Nose for trouble
TWO specially trained dogs from the Queensland Government visited Perth Airport and more than 70 Belmont businesses to sniff out an exotic pest last week.
TWO specially trained dogs from a Queensland Government unit that is a global leader in finding ants by odour detection visited Perth Airport and more than 70 Belmont businesses on a mission to sniff out an exotic pest ant this week.
The dogs, Willow (4) and Olivia (8) were put through their paces at several locations around the airport on Monday and Tuesday as part of an eradication program against browsing ant.
Browsing ant is a tramp ant native to southern Europe and is usually found in semi-desert or Mediterranean regions.
It is ideally suited to Australian conditions and can form multi-queened supercolonies, displacing native ant species and other invertebrates, which diminishes available food for higher-order organisms such as lizards and birds.
Department of Agriculture and Food (DAFWA) biosecurity and regulation executive director Kevin Chennell said browsing ants were detected at Perth Airport in 2013 and at a freight depot in Belmont.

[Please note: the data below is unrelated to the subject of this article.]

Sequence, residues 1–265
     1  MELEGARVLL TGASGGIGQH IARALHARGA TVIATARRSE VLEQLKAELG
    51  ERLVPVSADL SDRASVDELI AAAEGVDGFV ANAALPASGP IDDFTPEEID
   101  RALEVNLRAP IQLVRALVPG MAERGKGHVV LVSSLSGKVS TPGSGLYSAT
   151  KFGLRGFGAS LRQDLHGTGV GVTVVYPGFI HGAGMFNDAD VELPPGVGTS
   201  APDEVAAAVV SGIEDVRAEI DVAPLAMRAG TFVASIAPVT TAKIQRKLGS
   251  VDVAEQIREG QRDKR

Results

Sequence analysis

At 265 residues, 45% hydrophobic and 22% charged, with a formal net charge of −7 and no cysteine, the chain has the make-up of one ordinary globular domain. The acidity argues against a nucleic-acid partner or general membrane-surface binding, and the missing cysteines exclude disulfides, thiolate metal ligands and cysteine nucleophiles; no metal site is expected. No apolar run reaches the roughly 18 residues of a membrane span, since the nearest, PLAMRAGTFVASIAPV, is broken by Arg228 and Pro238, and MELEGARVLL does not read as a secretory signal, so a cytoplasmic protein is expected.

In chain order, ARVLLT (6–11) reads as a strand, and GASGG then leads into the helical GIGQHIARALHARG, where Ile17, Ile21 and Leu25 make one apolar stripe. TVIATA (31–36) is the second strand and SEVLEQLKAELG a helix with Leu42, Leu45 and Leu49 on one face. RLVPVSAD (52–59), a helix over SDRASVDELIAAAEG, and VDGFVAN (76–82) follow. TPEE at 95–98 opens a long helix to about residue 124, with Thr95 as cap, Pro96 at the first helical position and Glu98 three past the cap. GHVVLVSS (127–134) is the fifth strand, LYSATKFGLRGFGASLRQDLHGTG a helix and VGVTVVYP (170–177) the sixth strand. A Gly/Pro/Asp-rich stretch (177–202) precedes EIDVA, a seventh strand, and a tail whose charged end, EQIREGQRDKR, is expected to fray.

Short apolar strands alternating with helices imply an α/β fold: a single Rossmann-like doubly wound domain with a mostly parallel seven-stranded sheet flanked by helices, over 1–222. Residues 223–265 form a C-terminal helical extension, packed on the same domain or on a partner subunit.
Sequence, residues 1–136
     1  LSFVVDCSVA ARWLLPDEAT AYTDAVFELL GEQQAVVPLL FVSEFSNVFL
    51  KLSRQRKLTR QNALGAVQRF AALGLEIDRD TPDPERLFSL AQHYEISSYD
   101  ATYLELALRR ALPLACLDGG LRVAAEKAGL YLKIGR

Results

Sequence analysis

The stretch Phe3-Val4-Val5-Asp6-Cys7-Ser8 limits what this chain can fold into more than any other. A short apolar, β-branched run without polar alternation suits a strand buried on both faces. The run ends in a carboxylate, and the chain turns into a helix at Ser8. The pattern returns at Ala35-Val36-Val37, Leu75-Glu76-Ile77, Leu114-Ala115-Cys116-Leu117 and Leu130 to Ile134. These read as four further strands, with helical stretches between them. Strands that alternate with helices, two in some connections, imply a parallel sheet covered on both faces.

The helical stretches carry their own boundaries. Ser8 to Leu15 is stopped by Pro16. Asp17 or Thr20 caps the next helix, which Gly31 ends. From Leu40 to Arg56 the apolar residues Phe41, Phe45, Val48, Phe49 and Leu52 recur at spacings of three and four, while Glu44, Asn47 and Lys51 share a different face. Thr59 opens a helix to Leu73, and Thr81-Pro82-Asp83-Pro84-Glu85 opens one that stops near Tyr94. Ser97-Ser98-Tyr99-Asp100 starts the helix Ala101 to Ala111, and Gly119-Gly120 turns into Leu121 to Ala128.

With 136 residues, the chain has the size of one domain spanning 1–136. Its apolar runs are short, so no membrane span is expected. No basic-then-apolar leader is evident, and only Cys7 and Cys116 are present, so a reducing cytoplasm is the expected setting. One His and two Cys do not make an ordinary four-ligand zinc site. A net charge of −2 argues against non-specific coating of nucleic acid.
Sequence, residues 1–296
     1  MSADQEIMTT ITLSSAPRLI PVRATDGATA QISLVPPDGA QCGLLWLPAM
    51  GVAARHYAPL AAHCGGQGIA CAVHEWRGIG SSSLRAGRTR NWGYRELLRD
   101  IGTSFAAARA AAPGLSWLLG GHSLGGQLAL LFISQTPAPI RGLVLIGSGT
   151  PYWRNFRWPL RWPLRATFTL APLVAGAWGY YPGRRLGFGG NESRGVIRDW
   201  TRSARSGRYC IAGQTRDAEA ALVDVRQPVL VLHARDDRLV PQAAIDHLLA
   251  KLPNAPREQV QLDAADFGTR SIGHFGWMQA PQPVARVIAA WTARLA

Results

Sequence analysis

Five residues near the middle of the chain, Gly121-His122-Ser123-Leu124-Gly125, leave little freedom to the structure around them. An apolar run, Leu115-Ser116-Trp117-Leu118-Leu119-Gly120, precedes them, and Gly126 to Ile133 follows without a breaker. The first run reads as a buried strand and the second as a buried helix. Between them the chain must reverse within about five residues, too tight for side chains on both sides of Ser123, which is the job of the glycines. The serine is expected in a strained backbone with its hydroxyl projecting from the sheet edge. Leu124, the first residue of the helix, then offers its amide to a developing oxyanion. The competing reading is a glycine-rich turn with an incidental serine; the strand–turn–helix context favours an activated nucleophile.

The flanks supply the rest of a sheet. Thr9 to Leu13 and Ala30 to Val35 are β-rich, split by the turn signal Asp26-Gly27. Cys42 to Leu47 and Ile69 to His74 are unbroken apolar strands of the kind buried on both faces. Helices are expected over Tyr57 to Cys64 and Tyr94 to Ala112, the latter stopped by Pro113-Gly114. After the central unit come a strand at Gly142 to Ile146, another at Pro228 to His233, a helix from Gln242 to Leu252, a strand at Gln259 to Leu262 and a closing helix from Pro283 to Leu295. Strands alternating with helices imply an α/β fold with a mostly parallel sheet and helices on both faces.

“DAFWA has been working with more than 70 businesses in Belmont and at Perth Airport to eradicate the pest,” Dr Chennell said.
“Biosecurity is a shared responsibility and working collaboratively is important to safeguard our resources. “These businesses have allowed DAFWA staff access to their properties to carry out regular checks to ensure this pest is eliminated.”
Willow and Olivia have been specially trained to sniff out fire ants and can detect a range of other ants with their supersensitive snouts.
National Fire Ant Eradication program director with Biosecurity Queensland Sarah Corcoran said the program’s successful use of odour detection dogs to sniff out invasive ants was a world-first innovation.
The dogs can detect browsing ant pheromones from several metres away and identify nests long before they become visible to the human eye.
Federal Government Department of Agriculture and Water Resources deputy secretary Lyn O’Connell said the surveillance activities would hopefully confirm that Perth Airport was now free of browsing ant.
“It is impossible to stop everything at the border, but when we discover incursions quickly, like we did in this case, it gives us the best chance of completely eradicating a pest or disease,” Ms O’Connell said.
“It’s fitting that our officer who initially discovered the incursion will be on site helping to assess whether browsing ant has been successfully eradicated.”
Biosecurity officer Dave Pelham, senior technical officer Marc Widmer and Biosecurity Queensland’s Sarah Corcoran with sniffer dogs Willow and Olivia.